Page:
When Your Partner Experiences Sleep Issues
I have to be honest – I’m really struggling lately. I mean, I have my own personal sleep struggles that are deep and troubling, but this time, it’s my partner who is struggling.
I honestly have no idea how to help, and it’s getting to me. Both that he isn’t getting quality sleep and secondly, that I should know how to help him other than say, “Take melatonin.”
One thing I did offer is some relaxation techniques we do when I go to therapy. I go through the breathing techniques of how to ground yourself and demonstrate how to breathe in, hold it, and breathe out, using my nose, throat, and chest.
Sometimes my partner goes in another room
Recently, I wrote about sleeping in different sleeping quarters and if that’s helped, which I will say it has and hasn’t. I feel less close to my partner when I’m not by him physically, and usually, I’m the one to leave the bed with a pillow and blanket to go into another room to try to sleep.
I’m not used to it being him, and waking up alone or being sad when I see and hear him get up in the middle of the night, leaving me in the bed alone.
I feel his absence when I'm alone
How do you feel when your partner isn’t in bed when you wake up? Perhaps I struggle a bit more because I feel secure and safe when I feel his body next to mine, as I struggle with PTSD and night terrors.
So not only do I struggle with being in the room alone, I struggle knowing he is facing the same problem I have. And I don’t know how to fix it for him, despite my years of struggle that some may call “expertise.”
Making all of our sleeping quarters comfortable
As I mentioned, there is an optional bedroom for another sleeping quarter, but I struggled with how to make the room dark, settling, and comfortable. After all, it’s his apartment, not mine. I tried to be respectful when changing anything up in that room for him.
I got new sheets for the bed we (try) to share and also got new sheets and freshly washed cozy comforters for the pull-out bed each of us uses occasionally. Lately, a lot more use has come out of that room and bed.
Searching for ways to offer support
He gave me feedback that the sheets I got were helpful and comfortable, but I’m led to believe his sleep struggles are due to stress and a little bit of restless legs syndrome based on all of the things he’s described to me. He has told me about being exhausted, but his legs bother him and feel restless and weird.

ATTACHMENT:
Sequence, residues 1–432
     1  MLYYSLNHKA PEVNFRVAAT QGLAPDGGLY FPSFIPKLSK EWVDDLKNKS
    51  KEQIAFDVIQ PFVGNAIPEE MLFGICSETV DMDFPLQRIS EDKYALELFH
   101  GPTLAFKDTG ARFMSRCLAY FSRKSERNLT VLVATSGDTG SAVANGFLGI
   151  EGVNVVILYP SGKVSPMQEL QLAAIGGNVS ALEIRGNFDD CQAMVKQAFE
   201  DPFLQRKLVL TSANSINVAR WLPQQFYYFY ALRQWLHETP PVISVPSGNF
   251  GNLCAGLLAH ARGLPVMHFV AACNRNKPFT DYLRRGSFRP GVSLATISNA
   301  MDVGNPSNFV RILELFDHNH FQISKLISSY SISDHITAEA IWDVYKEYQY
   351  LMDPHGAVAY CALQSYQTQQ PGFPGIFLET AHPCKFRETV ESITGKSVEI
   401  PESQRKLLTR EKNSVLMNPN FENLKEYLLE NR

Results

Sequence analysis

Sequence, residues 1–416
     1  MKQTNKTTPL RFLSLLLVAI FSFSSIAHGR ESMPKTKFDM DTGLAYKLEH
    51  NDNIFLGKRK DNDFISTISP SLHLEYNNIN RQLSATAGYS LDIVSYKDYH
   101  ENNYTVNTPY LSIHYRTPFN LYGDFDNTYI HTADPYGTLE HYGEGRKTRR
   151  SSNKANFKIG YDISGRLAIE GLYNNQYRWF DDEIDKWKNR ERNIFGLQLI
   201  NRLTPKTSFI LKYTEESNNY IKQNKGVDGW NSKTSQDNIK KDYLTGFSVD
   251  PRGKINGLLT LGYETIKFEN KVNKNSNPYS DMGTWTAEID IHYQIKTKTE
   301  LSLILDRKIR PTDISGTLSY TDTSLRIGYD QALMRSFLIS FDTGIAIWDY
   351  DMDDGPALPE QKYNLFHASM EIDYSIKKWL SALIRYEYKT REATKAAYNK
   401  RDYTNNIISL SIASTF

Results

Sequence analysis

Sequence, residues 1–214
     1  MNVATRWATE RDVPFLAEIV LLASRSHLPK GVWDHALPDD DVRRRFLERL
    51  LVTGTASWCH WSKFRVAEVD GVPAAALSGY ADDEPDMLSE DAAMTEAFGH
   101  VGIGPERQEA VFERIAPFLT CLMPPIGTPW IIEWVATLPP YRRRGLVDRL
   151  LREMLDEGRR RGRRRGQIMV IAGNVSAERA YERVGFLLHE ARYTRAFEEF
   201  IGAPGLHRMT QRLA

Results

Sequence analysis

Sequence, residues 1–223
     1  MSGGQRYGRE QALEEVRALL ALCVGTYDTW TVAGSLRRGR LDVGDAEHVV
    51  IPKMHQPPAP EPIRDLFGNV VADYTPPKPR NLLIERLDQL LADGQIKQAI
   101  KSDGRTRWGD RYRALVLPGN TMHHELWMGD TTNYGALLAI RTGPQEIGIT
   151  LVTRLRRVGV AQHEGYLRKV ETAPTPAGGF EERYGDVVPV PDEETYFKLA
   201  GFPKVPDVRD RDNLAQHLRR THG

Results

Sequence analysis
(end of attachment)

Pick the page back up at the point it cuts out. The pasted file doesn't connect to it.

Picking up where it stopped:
While I’m not a doctor, and he really should be seen and evaluated, I’m just trying to find ways to support him as he continues to struggle with his sleep.
Considering each other's preferences
Aside from having a clean, clear area to sleep in, one thing that helps him sleep is a ceiling fan. He knows I struggle with dry mouth already, so I try to wear a mask that covers my eyes and sleep on my tummy, so I’m not inhaling dry air.
Sometimes, he’s left the bedroom because I was actually sleeping and he didn’t want to turn the fan on and wake me up the rest of the night. Yes, the man is an angel. But I felt awful and told him/made him promise to please turn it on when he needed it.
A four-legged bedmate in the mix
I also think that having animals in our rooms hasn’t helped. I have a service dog, and she sleeps next to me during the night to wake me up and help with sleep paralysis. Typically, she stays in between mine and my partner's legs or at my feet, so she’s not in the way. But, it also adds another body to the bed.
What have you done to help your partner when they experience bouts of sleeplessness and insomnia? Have you found sleeping in separate rooms has been helpful? How do you help guide them in an educating way with all you know about insomnia?
Do you travel with your own pillow?